For a number of years the family visited Malta, having a place over there. I was going through some historic photos and remembering the lovely architectural details, especially in the silent city of Mdina. I shall take you through the gate of this medieval walled city with me now.
I first visited Malta in 1994, before traffic lights and McDonalds had arrived. No one locked their car door and everyone still kept a best room, where the furniture remained covered in plastic. Membership of the European Union wasn’t even on the horizon and therefore the Maltese government were under no obligation to maintain the roads. As we drove down a back road, we hit a rather large pot hole and bouncing off my seat, my head hit the car roof. B drove everywhere far too fast considering the state of the roads!
My last visit was in 2008, so this story I’m afraid has a sad but sweet ending: after Malta there was the space and time to embark on a country-house tripping journey. Around this time I also started learning Italian, without which I wouldn’t have visited so many wonderful places using la bella lingua and without which I wouldn’t have realised how many doors can be opened when one speaks the mother tongue.
I can imagine my last trip to Mdina now, sat in the little rooftop cafe, looking out over to Mosta. First, though, D and I took a tranquil walk around the narrow, car-free streets.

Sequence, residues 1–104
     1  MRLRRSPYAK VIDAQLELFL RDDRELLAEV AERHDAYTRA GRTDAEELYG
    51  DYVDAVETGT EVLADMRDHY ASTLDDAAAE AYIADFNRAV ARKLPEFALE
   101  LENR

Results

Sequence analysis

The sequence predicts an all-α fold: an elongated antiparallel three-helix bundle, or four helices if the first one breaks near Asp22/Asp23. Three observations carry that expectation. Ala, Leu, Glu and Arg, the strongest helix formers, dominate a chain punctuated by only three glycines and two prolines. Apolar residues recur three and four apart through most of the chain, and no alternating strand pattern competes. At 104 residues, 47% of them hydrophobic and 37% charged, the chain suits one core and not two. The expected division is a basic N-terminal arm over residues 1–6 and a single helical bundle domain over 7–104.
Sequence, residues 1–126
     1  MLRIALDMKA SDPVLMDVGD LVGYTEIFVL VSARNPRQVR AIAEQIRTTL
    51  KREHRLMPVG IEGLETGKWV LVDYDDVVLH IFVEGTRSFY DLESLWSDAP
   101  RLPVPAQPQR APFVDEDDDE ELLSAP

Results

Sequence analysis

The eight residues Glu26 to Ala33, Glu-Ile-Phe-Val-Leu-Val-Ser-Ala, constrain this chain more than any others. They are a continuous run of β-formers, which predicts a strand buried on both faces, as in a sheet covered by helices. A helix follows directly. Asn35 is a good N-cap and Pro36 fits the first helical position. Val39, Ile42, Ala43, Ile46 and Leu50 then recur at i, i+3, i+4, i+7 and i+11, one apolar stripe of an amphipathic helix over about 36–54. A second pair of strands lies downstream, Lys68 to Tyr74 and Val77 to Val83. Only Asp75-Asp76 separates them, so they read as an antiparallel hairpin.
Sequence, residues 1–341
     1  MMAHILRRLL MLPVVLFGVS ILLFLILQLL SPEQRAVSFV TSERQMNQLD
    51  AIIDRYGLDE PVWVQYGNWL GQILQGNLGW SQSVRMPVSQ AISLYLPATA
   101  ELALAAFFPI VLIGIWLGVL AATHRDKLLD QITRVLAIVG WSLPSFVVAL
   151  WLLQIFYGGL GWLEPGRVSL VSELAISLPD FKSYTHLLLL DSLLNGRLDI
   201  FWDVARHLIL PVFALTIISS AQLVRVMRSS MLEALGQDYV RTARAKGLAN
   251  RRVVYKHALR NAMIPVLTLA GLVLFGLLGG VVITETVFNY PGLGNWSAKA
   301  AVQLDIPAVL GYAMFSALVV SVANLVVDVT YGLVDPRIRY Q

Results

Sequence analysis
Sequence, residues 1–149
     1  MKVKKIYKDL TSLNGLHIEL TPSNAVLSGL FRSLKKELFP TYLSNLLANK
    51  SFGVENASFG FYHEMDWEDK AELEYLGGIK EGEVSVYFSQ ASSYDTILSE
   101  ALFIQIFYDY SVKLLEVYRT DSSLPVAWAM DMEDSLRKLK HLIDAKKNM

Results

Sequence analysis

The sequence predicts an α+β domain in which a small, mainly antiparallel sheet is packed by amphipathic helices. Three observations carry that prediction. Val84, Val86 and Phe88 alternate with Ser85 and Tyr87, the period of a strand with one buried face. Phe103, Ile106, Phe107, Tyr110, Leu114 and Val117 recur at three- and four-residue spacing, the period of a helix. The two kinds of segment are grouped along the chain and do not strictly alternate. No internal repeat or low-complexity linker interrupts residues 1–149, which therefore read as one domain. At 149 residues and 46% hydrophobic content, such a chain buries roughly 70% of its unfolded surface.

The view towards Mosta (below)
I’ve often been told my Maltese friends that none of the beaches in Malta naturally have sand: the government shipped it in for the tourists.
If you do visit Malta, I recommend spending a couple of days on Gozo, where the sands are red and the tranquillity is on another level. You can easily take a day trip if you’re staying near Mellieha (where the ferry goes from).
Dingli Cliffs are worth going to as they are the highest point on Malta. The cliffs below though are not at Dingli and were reached by a road on which one had to pass a sign reading “Do not Enter”. Our friends told us to ignore that sign, which we did. However, it was a single-track road and the turning spot at the top was so small that I nearly drove the car off the edge. So I have to include this photo as I’m not driving up there again to take it!
The Maltese Stonehenge
While you may just think of Malta as another sunny but cheap holiday destination (hint: avoid Bugibba if you like culture, not matter how cheap it may be), there are beautiful places. The Blue Grotto is one, and on the way to the boat you’ll pass the Mnajdra Temples, which I’m led to believe are older than Stonehenge!
Valetta is also worth visiting; in fact I think it’s become something of a hot spot since I was last there in 2007.
You did hear me rightly when I said that it was B who was driving when my head hit the car roof while we were driving along on a particularly bumpy road. D had never joined me or B on the trips to Malta. It was B who introduced me to Malta.
Sadly, B didn’t realise the dream of living full-time in Malta.
The UK doctors couldn’t find an answer to B’s problems. It was only when B used connections in Malta to get an appointment with one of their top consultants that the diagnosis was made.
B’s ashes were put on the hillside below. B loved Malta and so there is where we decided upon for a last resting place.
When visited: 1994-2008
More about Buskett Gardens: http://en.wikipedia.org/wiki/Buskett_Gardens
More about Mdina: http://en.wikipedia.org/wiki/Mdina
Heritage Malta: http://heritagemalta.org/museums-sites/